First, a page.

The Senate Finance Committee yesterday rejected the GOP-sponsored Roth-Kemp plan to cut income taxes by one third over three years and turned to a new proposal by Chairman Russell B. Long (D-La.) to expand the House tax bill with more tax reductions for lower-income groups.
Defeat of the Roth-Kemp measure came on an essential party-line vote of 10 to 8.The panel also rejected two compromise versions.
At the same time, the committee hinted it may undo last week's tentative agreement to enlarge the earned income tax credit for the working poor by paring the size of the increase or possible scrapping it altogether.
The action came after Sen. Harry F. Byrd (Ind-Va), who missed last week's action on the earned income credit, denounced the measure as "an additional welfare benefit." Byrd's comments spurred other conservatives to challenge the decision.
Long's new plan to expand the tax cuts for individuals would provide new tax reductions for those earning $15,000 a year or less, who were all but excluded from the House tax bill. The House cuts were aimed primarily at the $20,000-to-$50,000 brackets.
The new Long proposal would increase the size of the overall tax bill to $20.1 billion, compared to $16.3 billion voted by the House in August. Besides providing additional cuts for lower-income groups, it also would enlarge the House-passed curs for all taxpayers through $100,000 a year.
The Finance Committee chairman's proposal was designed to meet President Carter's major objection to the bill passed by the House - that its benefits were skewed too much toward the rich, at the expense of lower-income groups.
It was not immediately clear, however, whether the panel would approve Long's recommendation intact. A vote could come as early as this morning.
The committee's rejection of the Roth-Kemp proposal marked the latest in a series of congressional defeats for the GOP measure. Party leaders plan to promote the Roth-Kemp bill as a Republican campaign issue in a 'round-the-nation airplane hop later this week.
However, while yesterday's outcome was expected, the vote was surprisingly close. A compromise to cut taxes 16 percent over two years lost on a 9-to-9 tie.
The votes all were along party lines, except for a defection by Sen. Mike Gravel (D-Alaska), who supported the GOP plan throughout. Byrd voted for the two-year compromise plan. Long and other Democrats voted solidly against the plan.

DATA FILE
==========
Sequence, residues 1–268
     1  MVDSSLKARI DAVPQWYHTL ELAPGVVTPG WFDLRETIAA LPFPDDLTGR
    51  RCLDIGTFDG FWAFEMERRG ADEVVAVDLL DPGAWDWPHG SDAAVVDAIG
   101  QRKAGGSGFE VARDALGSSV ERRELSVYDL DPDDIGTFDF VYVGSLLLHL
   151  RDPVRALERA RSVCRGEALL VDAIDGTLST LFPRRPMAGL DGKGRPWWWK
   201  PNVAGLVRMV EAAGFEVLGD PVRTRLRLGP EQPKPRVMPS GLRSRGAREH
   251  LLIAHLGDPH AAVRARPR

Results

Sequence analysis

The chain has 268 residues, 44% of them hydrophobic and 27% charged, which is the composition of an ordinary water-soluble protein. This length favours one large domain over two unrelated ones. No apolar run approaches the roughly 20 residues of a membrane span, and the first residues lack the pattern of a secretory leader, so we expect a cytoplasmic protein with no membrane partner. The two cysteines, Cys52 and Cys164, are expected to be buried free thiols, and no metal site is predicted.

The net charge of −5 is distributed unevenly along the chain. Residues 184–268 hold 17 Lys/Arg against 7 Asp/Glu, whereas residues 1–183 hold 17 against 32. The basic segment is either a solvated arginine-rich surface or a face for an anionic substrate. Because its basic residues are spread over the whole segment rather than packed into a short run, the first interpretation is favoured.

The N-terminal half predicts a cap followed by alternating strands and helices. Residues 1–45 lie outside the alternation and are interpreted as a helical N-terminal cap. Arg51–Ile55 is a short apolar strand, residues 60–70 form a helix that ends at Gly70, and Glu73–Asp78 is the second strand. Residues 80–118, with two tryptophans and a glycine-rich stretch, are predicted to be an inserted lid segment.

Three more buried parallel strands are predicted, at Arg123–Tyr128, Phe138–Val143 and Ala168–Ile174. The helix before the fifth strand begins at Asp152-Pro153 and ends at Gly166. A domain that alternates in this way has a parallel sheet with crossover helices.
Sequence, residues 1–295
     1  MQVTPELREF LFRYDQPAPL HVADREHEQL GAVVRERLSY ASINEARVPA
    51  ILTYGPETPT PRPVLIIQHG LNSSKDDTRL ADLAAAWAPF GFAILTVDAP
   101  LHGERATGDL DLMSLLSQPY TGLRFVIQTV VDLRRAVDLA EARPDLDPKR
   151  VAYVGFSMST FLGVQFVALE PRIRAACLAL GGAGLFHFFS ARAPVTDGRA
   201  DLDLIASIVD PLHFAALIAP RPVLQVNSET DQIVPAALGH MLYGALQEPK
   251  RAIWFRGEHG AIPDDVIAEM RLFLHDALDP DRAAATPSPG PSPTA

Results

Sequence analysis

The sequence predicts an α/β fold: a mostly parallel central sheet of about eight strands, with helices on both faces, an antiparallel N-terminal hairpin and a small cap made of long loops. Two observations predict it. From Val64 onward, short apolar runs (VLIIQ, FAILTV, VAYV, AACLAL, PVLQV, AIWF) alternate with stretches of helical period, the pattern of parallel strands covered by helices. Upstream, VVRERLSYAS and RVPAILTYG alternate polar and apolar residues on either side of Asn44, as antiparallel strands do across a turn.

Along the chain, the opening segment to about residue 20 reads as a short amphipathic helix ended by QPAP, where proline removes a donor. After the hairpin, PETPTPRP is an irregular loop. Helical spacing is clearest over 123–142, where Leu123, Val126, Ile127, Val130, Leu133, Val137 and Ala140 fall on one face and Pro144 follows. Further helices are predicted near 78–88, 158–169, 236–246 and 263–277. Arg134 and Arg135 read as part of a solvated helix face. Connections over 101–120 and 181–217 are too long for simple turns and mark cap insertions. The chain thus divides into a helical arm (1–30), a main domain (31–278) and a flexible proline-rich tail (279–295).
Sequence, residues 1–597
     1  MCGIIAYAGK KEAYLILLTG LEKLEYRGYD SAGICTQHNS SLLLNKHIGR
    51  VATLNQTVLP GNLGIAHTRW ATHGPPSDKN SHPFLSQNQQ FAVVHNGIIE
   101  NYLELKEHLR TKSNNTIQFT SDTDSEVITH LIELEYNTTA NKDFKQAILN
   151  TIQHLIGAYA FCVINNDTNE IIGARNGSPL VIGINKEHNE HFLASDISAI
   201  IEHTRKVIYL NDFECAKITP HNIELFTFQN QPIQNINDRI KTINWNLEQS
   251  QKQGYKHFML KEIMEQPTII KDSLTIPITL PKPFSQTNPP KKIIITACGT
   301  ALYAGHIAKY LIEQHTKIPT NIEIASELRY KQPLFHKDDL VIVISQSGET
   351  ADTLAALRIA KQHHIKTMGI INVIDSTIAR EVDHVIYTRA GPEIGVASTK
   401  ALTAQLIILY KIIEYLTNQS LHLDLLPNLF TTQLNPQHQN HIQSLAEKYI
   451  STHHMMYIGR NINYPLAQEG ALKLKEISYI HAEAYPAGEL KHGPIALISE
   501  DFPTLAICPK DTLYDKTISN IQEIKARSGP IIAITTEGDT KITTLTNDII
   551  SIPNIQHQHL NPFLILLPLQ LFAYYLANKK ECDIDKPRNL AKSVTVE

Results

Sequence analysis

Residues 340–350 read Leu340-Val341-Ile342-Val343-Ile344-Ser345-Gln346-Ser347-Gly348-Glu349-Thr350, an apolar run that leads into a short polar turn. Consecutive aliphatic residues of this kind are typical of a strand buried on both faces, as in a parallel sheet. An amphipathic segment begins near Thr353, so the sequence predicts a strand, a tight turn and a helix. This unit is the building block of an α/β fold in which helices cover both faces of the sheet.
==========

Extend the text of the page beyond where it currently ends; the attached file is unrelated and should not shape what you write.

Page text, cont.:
The scaled-back version of the Roth-Kemp bill would have provided a tax cut for individuals of $20.2 billion in 1979, compared to $14.2 billion for Long's Proposal and $10.4 billion in the House bill. It also would have cut tax rates equally for all income-groups.
The Carter administration had opposed the Roth-Kemp proposal vigorously. Donald C. Lubick, assistant secretary of the treasury for tax policy, told the panel Carter almost certainly would have vetoed the GOP plan had it gotten through both houses.
The pressure by conservatives to reconsider last week's decision on the earned income credit could mark a setback for Long, who had hoped to use the provision to help offset Carter's objections to the House bill's cuts for higher-income taxpayers.
The plan would add another $1.8 billion in relief at the lower end of the income scale. Last week's proposal also included a new plan for distributing the benefits directly to employes' paychecks by using the withholding tax system.
Long's plan to expand the size of the tax cuts for individuals would substantially increase the reductions for lower-income taxpayers. For example, a family of four earning $8,000 a year would receive a $36 cut under the House bill, but a $442 reduction under Long's plan.
At the same time, however, the proposal would trim back slightly the size of the tax reductions for single persons in the $40,000-and-up brackets. Committee sources said the disparity stemmed from flukes in the the structure of the income-tax brackets.